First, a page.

My maternal grandfather and I had a relationship that might be described as “complicated”. He was a WWII veteran, a Depression survivor who dropped out of school to help support his family. He was an ambulance driver for the volunteer fire department and a lay minister at his church, a pillar of the community type. He was a devoted grandfather who spoiled us, helped pay for extra academic programs that gave me great opportunities as a kid, supported my interest in martial arts (some irony there, a man who fought the Japanese in the Pacific war), and helped me buy the used car that took me through most of college and grad school. But he was also an uneducated racist homophobe with the most narrow-minded of views on religion. And when he remarried after my grandmother died, his second wife slowly pushed us out of his life.

It’s complicated.

But an idea I came back from Starwood with was that it is those ancestors with whom we have troubled relationships to whom we should first turn when doing ancestor work. In a sense, they owe us. Imagine yourself waking up Sunday morning after that party where you had entirely too much to drink and behaved badly. You’re regretful over that off-color joke you told, the fight you got into, the person who you touched inappropriately. You’re looking for an opportunity to make amends.

Just so with those problematic ancestors, looking back from the afterlife: “Oh, man, did I screw up. How do I make this right?”

(And yes, it’s true that I do not believe in a literal individual afterlife; as always with the art magickal we are operating in the realm of metaphor and poetry and things vaguely suggested, the shadow of a tree cast by the moon half-hidden by clouds; not mere literal truth.)

So shortly after I received that photo from my cousin, I called upon my grandfather for help with a problem. I’ve mentioned my recent promotion in my karate training; but my invitation to test came at the last minute. I knew that I might be invited, was sort of expecting to be, but as the time I got that photo of my grandfather I had not heard anything.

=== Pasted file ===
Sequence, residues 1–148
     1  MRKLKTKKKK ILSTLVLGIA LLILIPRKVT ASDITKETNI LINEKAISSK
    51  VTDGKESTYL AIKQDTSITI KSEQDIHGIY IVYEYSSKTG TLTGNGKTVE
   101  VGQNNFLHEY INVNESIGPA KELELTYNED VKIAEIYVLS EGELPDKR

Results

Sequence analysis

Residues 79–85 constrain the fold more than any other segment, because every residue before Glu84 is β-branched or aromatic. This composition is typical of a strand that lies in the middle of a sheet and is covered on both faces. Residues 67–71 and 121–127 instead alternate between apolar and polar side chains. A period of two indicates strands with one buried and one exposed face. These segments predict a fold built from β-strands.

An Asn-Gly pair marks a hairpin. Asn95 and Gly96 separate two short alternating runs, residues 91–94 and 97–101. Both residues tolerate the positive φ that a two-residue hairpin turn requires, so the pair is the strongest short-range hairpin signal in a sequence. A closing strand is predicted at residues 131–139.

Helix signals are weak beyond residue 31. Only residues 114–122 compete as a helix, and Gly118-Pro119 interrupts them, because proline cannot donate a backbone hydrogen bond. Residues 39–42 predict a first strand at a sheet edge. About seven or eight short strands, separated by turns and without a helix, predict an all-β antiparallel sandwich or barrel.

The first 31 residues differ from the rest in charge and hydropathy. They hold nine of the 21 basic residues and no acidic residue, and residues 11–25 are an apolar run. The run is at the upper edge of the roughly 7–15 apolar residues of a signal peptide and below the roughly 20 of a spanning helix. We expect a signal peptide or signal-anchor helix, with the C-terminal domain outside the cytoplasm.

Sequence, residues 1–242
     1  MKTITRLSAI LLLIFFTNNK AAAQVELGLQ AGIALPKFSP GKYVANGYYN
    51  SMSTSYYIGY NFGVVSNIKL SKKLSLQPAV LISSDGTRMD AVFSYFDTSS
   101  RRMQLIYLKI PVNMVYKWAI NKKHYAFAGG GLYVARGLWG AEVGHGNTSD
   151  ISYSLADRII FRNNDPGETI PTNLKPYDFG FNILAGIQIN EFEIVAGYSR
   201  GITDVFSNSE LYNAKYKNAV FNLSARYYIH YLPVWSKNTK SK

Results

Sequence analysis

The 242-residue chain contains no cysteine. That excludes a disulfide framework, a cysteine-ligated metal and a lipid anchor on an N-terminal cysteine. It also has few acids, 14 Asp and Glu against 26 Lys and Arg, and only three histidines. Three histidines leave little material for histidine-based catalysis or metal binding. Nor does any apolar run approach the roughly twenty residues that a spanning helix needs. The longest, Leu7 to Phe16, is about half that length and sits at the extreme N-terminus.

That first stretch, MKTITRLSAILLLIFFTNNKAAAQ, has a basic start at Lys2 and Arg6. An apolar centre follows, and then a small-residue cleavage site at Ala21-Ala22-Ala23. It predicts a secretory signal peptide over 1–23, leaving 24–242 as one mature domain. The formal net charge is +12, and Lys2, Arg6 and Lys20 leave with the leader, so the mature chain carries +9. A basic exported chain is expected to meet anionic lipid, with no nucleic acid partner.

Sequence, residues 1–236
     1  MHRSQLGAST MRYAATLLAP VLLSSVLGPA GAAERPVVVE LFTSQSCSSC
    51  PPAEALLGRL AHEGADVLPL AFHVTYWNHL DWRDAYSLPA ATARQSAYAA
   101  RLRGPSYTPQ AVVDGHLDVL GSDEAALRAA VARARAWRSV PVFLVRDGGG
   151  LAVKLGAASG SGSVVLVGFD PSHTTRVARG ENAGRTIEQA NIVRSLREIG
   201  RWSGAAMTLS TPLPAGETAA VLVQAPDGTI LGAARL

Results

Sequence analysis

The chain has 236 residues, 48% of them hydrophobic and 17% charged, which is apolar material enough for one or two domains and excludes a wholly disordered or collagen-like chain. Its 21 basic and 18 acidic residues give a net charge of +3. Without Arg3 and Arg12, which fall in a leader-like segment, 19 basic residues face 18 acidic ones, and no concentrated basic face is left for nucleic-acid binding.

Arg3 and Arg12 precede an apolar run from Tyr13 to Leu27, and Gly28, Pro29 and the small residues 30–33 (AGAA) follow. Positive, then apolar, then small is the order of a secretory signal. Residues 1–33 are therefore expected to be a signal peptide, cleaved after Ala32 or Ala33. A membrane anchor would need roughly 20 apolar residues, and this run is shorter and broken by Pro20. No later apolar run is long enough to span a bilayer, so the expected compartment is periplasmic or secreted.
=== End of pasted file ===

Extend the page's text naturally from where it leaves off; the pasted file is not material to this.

So when I added the photo to my ancestor shrine, I reached out to the energy of my problematic grandfather, asked him to clear the way. And within just a few days, I had my invitation.

Now, my relationship with my father was not so complicated. While we had our moments over the years, as most fathers and sons do, we both grew past those problems. And since his relatively recent death a year and a half ago, I have not called upon his energy, invoked his aid.

But this morning, at that liminal point of waking as I lay quietly in a hotel bed on the opposite side of the world from my home, I knew that my father was working on my behalf in one of the areas that has always been a common focus of magic: love.

My love life sort of shut down with my mother’s illness, my father’s hospitalizations and death, and the stress and grief after that. It’s been three or four years since I could say I was seeing anyone. But one thing I can remember Dad saying a few times that he wished for my brother and I, was the sort of companionship and partnership he had with Mom.

So far neither my brother nor I have found that. And I’m pretty sure that if I ever do, it won’t be in the sort of traditional form that my parents had! But my heart’s knowledge from this morning is that when it comes to love magic, Dad is pulling whatever strings he can from the Other Side for us.

(I’m not quite sure how I’ll explain that feeling to my brother…)